### Nomenclature

O − xy: Earth-fixed coordinate

o− xbyb: Body-fixed coordinate

ψ: Heading angle

U: Ship speed

β: Drift angle

u: Surge velocity

v: Sway velocity

r: Yaw rate

u̇: Surge acceleration

v̇: Sway acceleration

ṙ: Angular acceleration

Izz: Yaw mass motion of inertia

xG: Longitudinal center of gravity

m: Ship mass

nP: Propeller revolution

t: Thrust deduction factor

xP: Longitudinal coordinate of propeller position

yP: Lateral coordinate of propeller position

wP: Wake coefficient in maneuvering motion

KT: Propeller thrust open water characteristic

JP: Propeller advanced ratio

tR: Steering resistance deduction factor

aH: Rudder increase factor

xH: Longitudinal coordinate of the rudder position

FN: Rudder normal force

UR: Resultant rudder inflow velocity

αR: Effective inflow angle to the rudder

uR: Longitudinal inflow velocity

vR: Lateral inflow velocity

fα: Rudder lift gradient coefficient

Λ: Rudder aspect ratio

ε: Ratio of a wake fraction at propeller and rudder positionsAn experimental constant for expressing uR

κ: Ratio of propeller diameter to rudder span

η: Flow straightening coefficient

γRβR: Effective inflow angle to the rudder in maneuvering motions

CP: Wake correction coefficient

βP: Geometrical inflow angle the to propeller in maneuvering motions

C: Course stability index

l′r: Yaw damping lever

l′v: Sway damping lever

### 1. Introduction

*h*/

*T*) of a ship as deep water:

*h*/

*T*> 3.0; medium-deep water: 1.5 <

*h*/

*T*< 3.0; shallow water: 1.2 <

*h*/

*T*< 1.5; and extremely shallow water:

*h*/

*T*< 1.2. In addition, the authors provided some aspects affected by shallow water as resistance, trim, checking, counter tuning ability, turning diameter, and rate of turn. Jachowski (2008), Yun et al. (2014), and Lee (2021) examined the ship squat, also known as sinkage and trim in shallow water. Delefortrie et al. (2016) conducted the captive model test based on the 6-DOF (degree of freedom) maneuvering model of KVLCC2 (KRISO Very large crude oil carrier 2) at various under keel clearances of 20%, 30%, and 80%. In the study, the ship was forced in the horizontal 3-DOF with free heave and pitch motion, while the roll was estimated from the roll decay test. In addition, some assumptions and numerical analyses were applied to assess the ship in vertical motion. Taimuri et al. (2020) studied the 6-DOF maneuvering model in deep and shallow water. It started from horizontal 3-DOF and non-linear unified seakeeping. The maneuvering time-domain using a numerical decay test was introduced as a rapid method for estimating the heave, roll, and pitch motion. Carrica et al. (2016) used CFD (Computational fluid dynamics) and an experimental study to develop a direct method for zigzag maneuvers in shallow water (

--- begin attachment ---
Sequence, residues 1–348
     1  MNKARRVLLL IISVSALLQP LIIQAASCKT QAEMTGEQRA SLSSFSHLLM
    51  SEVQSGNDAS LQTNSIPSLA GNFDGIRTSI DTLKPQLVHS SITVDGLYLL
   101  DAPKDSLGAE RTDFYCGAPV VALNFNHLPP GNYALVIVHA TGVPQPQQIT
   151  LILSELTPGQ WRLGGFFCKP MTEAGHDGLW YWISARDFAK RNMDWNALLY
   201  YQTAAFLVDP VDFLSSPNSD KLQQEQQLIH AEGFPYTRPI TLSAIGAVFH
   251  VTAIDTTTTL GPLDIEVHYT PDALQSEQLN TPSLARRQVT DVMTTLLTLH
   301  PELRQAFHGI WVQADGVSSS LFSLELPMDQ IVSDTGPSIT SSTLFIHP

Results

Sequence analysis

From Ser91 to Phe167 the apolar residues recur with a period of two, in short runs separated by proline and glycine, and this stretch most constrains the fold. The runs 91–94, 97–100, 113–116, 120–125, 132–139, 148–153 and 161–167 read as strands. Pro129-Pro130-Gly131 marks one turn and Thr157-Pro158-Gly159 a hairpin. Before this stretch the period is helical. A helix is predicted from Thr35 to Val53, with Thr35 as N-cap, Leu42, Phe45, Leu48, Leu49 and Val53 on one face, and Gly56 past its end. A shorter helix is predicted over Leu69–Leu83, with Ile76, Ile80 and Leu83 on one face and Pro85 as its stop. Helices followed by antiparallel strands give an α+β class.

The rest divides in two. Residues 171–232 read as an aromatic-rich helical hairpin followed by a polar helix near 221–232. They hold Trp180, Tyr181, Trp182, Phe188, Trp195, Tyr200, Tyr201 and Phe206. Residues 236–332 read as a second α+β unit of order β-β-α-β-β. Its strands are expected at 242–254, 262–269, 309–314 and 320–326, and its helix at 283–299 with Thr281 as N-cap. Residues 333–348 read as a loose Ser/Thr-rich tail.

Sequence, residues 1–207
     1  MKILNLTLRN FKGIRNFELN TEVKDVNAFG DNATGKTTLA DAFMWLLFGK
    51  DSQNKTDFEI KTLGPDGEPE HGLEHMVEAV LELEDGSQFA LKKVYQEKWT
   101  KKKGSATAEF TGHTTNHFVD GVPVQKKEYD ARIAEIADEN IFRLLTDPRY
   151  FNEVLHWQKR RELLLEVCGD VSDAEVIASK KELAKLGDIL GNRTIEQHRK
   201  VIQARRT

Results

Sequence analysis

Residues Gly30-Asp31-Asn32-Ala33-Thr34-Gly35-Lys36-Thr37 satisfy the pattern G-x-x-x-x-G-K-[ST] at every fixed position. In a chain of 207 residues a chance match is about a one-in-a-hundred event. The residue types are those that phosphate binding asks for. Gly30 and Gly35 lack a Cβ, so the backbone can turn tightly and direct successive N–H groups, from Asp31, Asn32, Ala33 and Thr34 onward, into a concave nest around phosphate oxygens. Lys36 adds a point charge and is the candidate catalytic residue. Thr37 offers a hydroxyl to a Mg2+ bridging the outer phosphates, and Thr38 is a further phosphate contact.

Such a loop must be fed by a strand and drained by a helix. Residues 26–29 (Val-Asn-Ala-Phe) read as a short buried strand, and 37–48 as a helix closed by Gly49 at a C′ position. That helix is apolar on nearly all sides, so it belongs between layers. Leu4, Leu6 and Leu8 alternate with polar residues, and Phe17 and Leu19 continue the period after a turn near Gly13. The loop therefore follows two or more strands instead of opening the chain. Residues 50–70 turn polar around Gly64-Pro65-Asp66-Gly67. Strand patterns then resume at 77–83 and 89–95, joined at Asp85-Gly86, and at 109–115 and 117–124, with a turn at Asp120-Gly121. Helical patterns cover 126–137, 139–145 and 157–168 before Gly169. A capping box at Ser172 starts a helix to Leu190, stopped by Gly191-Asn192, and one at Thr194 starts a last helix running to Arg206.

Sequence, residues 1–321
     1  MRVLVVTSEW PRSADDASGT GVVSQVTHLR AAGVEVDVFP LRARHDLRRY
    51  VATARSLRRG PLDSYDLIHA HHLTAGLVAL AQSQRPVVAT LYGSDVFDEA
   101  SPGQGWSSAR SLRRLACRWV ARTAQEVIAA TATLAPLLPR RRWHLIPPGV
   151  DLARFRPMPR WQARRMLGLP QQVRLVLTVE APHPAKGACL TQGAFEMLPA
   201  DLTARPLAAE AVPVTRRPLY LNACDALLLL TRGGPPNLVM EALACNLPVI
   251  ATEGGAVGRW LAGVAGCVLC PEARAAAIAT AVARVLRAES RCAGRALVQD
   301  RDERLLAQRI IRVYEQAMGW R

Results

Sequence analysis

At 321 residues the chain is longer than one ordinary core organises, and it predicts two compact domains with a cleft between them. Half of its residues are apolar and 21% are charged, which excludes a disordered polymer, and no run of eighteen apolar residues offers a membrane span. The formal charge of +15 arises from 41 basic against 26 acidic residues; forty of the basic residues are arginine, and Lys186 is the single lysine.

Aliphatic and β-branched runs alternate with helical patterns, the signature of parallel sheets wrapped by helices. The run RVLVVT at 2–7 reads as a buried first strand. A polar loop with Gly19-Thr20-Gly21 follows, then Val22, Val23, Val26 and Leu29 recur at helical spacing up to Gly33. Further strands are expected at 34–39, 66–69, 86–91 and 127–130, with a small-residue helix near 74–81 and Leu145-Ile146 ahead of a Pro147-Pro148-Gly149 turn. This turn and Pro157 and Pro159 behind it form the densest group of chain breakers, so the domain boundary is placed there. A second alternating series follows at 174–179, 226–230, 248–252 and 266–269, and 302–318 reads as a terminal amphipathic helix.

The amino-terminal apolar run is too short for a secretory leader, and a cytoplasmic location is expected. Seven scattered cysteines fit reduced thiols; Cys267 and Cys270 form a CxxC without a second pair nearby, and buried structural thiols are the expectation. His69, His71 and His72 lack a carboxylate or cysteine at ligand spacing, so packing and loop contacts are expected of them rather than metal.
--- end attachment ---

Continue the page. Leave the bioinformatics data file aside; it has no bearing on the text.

*h*/

*T*= 1.2) for KCS (KRISO container ship). A satisfactory relationship between CFD and the experimental study was observed for self-propulsion results and zigzag variables except for the yaw and yaw rate. Lee and Hong (2017) examined the course stability in shallow water for very large vessels like KVLCC2 and DTC using CFD. The study confirmed that the course stability was improved in very shallow water and was more significant in KVLCC2.

### 2. Maneuvering Simulation Model

### 2.1 Objective

### 2.2 Test Condition

*x*

_{1}and

*x*

_{2}, respectively. Furthermore, all motions were restrained throughout the experimental performance. Fig. 3 presents an experimental installation of the ship.

*β*and

*r′*dimensionless yaw rate, respectively.

*k*−

*ω*SST (Shear stress transport) turbulence model is applied extensively to predict the hydrodynamic forces and moments on a maneuvering ship because of several advantages in terms of its accuracy and time calculation (Quérard et al., 2008). The volume of fluid and open channel flow are the techniques to define the free surface and two flow phases of water and air. A SIMPLE (Semi-implicit method for pressure-linked equations) algorithm was used to solve the governing iteratively, adjusting the pressure to ensure that the resulting velocity field satisfied continuity. The least-squares cell-based method was used to evaluate the gradient of flow variables. The quantities at cell faces were calculated from the cell-centered values by the second-order upwind method. Unlike the static test, the circular motion test determines the rotating fluid zones using a multiple reference frame approach.

### 2.3 Mathematical Model

*Oxy*) and body-fixed (

*ox*) were set to determine the 3-DOF motion of the horizontal plane, as shown in Fig. 5. The earth-fixed coordinate defined the ship trajectory, orientation angle, and body-fixed (

_{b}y_{b}*ox*) defined the of motion and external force acting on the ship. The origin of the ship was located at the intersection of the midship, centerline, and draft.